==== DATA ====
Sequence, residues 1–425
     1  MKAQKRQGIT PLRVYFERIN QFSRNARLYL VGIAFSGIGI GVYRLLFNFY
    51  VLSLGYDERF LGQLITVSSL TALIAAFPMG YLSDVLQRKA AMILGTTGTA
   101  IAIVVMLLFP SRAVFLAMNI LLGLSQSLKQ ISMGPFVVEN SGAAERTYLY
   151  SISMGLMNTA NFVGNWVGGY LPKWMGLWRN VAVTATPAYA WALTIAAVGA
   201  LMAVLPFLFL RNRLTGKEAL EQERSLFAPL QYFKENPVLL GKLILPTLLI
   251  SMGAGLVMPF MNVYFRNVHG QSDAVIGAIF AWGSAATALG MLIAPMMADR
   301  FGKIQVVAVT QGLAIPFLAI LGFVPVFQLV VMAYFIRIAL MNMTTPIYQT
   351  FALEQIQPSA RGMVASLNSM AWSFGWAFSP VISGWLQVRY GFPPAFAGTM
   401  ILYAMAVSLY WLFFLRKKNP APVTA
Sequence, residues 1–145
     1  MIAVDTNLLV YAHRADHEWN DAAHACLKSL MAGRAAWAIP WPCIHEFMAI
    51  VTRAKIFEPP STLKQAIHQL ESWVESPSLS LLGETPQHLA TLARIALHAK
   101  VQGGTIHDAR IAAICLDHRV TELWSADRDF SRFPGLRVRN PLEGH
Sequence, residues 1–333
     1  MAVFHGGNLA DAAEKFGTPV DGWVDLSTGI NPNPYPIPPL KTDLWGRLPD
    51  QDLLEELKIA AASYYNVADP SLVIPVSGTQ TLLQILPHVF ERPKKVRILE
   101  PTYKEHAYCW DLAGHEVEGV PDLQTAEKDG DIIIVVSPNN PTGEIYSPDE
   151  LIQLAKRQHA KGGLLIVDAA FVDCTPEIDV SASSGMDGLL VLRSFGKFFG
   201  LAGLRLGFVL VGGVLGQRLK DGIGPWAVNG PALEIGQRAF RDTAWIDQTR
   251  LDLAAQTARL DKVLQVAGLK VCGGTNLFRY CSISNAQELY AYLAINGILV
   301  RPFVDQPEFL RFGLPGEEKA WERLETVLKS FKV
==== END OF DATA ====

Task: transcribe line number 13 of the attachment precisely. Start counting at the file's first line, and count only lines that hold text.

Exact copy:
    51  VTRAKIFEPP STLKQAIHQL ESWVESPSLS LLGETPQHLA TLARIALHAK